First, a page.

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News Release

Office of News and Information
Johns Hopkins University
3003 N. Charles Street, Suite 100
Baltimore, Maryland 21218-3843
Phone: (410) 516-7160 | Fax (410) 516-5251

March 28, 2002
CONTACT: Amy Cowles
(410) 516-7800

Johns Hopkins Film Festival
Features Independents

The annual Johns Hopkins Film Festival returns Thursday, April 11, through Sunday, April 14, with several screenings in Shriver and Gilman halls on the university's Homewood campus, 3400 N. Charles St., and the Mountcastle Auditorium on the Johns Hopkins Medical Institutions campus, 725 N. Wolfe St. in Baltimore

Organized by the student-run Johns Hopkins Film Society, the non-profit festival promotes budding independent and student filmmakers. The program includes documentaries, features, and short films from the festival circuit as well as limited-release local, national, and international films. Displayed formats are 8mm, 16 mm, 35 mm and VHS.

The majority of the films will be shown in Shriver Hall, the largest screening facility in Maryland. The cost to the general public is $3 per show, $5 per day, or $15 for a festival pass. The shows are free to Johns Hopkins faculty, staff and students. For information, visit www.jhu.edu/~jhufilm/fest or call 410-235-4636.

Johns Hopkins Film Festival

Thursday, April 11

Shriver Hall, 8 p.m.
waydowntown, a comedy about a group of young employees who bet a month's salary on who can stay indoors the longest.

Shriver Hall, 10 p.m.
Dog Day Afternoon, a film based on a true story about a bank robbery gone wrong and the subsequent media circus surrounding the story. Al Pacino stars.

Friday, April 12

Shriver Hall, 5 p.m.
Our Nation, a documentary about the South Korean punk rock scene.

Shriver Hall, 6 p.m.
"Under Your Skin," a program of dramatic short films that deal with issues of rape, death, dysfunctional families and the attempted Reagan assassination.

Mountcastle Auditorium, 7:15 p.m.
Smell of Camphor, Fragrance of Jasmine, a dark comedy about death and the meaning of life.

Shriver Hall, 8 p.m.
Thank You for the Rubbish, a documentary about a man who makes his living rooting through law firms' trash bins and exploiting people with their dirty little secrets.

Mountcastle Auditorium, 9:15 p.m.
Djomeh, the deceptively simple story of a young man from Afghanistan who encounters prejudice while working in the remote mountains of Iran.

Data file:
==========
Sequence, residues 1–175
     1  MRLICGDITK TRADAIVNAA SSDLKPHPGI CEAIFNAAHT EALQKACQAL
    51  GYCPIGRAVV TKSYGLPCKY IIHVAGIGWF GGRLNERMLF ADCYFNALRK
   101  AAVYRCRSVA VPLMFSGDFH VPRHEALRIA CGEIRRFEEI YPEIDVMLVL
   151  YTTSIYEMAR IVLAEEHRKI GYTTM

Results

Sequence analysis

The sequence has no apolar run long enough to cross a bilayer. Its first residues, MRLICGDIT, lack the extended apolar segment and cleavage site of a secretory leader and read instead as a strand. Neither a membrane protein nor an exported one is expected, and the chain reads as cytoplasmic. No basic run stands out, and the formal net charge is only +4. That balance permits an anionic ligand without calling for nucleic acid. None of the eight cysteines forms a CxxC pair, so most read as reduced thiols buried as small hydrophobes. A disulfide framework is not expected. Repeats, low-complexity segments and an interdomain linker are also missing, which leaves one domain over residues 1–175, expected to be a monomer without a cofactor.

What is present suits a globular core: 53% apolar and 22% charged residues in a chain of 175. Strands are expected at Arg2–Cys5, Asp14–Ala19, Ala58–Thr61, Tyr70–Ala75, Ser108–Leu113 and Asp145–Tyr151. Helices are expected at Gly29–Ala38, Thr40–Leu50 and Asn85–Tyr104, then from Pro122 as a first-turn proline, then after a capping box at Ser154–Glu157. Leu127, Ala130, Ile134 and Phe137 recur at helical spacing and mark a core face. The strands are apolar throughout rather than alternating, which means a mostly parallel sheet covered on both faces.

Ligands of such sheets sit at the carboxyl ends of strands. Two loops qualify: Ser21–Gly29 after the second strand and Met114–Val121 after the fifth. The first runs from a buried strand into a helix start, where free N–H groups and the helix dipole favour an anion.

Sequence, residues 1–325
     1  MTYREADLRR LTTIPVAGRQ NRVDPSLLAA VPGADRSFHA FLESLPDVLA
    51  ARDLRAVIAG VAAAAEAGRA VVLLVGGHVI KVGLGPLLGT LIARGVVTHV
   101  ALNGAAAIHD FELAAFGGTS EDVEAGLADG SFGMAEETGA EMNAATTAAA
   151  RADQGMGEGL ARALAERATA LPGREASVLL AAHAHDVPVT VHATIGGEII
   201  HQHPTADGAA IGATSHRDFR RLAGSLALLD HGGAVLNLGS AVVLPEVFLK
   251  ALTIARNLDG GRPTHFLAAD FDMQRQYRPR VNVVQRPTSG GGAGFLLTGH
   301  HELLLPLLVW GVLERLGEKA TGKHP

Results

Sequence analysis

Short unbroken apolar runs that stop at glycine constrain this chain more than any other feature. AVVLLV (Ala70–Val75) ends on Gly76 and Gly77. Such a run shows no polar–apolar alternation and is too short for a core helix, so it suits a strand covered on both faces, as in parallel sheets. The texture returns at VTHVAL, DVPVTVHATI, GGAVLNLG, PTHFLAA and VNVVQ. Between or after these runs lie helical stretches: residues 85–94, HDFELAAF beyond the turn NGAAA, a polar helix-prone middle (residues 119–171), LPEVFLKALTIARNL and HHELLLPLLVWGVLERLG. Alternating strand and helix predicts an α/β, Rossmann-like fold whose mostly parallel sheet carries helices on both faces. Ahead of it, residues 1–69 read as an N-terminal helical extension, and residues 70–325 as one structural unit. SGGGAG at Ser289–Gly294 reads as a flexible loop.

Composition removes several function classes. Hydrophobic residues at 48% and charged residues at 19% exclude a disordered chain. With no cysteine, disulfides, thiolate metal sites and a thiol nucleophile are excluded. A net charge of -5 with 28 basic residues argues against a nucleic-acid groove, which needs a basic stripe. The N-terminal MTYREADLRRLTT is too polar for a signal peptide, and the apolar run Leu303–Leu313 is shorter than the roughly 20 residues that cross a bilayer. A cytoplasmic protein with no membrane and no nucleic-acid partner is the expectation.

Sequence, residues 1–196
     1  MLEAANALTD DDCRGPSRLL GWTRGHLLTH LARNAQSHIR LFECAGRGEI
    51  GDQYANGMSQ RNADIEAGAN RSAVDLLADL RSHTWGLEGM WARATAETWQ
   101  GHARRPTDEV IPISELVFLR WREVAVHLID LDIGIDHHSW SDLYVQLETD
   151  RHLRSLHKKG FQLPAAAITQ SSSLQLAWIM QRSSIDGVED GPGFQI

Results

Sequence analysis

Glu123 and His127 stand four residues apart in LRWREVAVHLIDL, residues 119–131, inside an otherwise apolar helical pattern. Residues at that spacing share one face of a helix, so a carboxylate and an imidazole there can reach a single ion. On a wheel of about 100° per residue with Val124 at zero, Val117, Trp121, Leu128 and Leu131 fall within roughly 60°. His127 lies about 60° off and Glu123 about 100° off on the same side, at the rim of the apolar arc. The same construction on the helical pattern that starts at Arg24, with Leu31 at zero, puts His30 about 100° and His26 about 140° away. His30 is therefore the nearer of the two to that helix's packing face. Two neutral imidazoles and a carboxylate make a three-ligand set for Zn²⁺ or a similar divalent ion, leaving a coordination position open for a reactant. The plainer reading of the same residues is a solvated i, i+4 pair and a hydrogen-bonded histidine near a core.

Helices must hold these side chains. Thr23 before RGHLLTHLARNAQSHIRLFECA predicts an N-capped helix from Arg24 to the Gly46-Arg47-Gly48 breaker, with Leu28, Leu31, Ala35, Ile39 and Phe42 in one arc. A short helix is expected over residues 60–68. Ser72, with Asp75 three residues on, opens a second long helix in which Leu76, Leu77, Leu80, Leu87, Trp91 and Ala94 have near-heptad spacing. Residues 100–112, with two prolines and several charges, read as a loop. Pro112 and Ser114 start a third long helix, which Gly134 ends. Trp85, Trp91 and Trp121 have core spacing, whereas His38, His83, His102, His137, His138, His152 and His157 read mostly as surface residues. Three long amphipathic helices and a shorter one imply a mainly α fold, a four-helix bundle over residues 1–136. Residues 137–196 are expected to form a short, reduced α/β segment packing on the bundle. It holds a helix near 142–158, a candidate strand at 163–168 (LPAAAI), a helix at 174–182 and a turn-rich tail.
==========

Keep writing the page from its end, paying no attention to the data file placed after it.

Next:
Shriver Hall, 9:30 p.m.
Hacks, a fake documentary about a group of stand-up comics taking a trip to a festival in upstate New York. Director and cast will be in attendance.

Saturday, April 13

Shriver Hall, 1 p.m.
"Under Your Skin," a program of dramatic short films.

Mountcastle Auditorium, 2 p.m.
Frontiers of Dreams and Fears, a film about the cyber-friendship between two Palestinian girls living in separate refugee camps.

Shriver Hall, 3 p.m.
Student Filmmaker Showcase, a show of mostly Hopkins student productions. Free.

110 Gilman Hall, 3 p.m.
All Night Thing, a comedy about a group of students on the Hopkins campus and what happens to them over the course of one night.

Mountcastle Auditorium, 4 p.m.
Broken Wings, a documentary about artist and poet Khalil Gibran's first love.

110 Gilman Hall, 5 p.m.
"Got it in the Face," a program of experimental short films that push the boundaries of narrative and break the rules of storytelling.

Shriver Hall, 6 p.m.
Standing by Yourself, a brilliant documentary about a small group of teens wasting away in upstate New York. Filmmaker will be in attendance.

Shriver Hall, 8 p.m.
Shrapnels in Peace, a film about childhood friends, Jomeh and Abood, who support their families by collecting and selling scrap metal retrieved from the wasteland.

Shriver Hall, 10 p.m.
George Washington, a beautiful, slow-moving film about a group of young kids in a small, depressing town in the South who band together to cover up a tragic mistake.

Shriver Hall, midnight
"Tokyorama," a program of humorous short films.

Sunday, April 14

110 Gilman Hall, 1 p.m.
The Johns Hopkins Film Festival 2002 presents Gaza Strip, a documentary that delivers an unflinching look into the lives of children, widows, seniors and orphans living in Gaza.

110 Gilman Hall, 3 p.m.
"Cartoonation," some of the best underground animation from claymation to cel animation to computer animation to rotoscope.

110 Gilman Hall, 4 p.m.
"Got it in the Face," a program of experimental short films that push the boundaries of narrative and break the rules of storytelling.

110 Gilman Hall, 8 p.m.
At Home and Asea, a film that follows five people as they try to piece their lives together in Baltimore.

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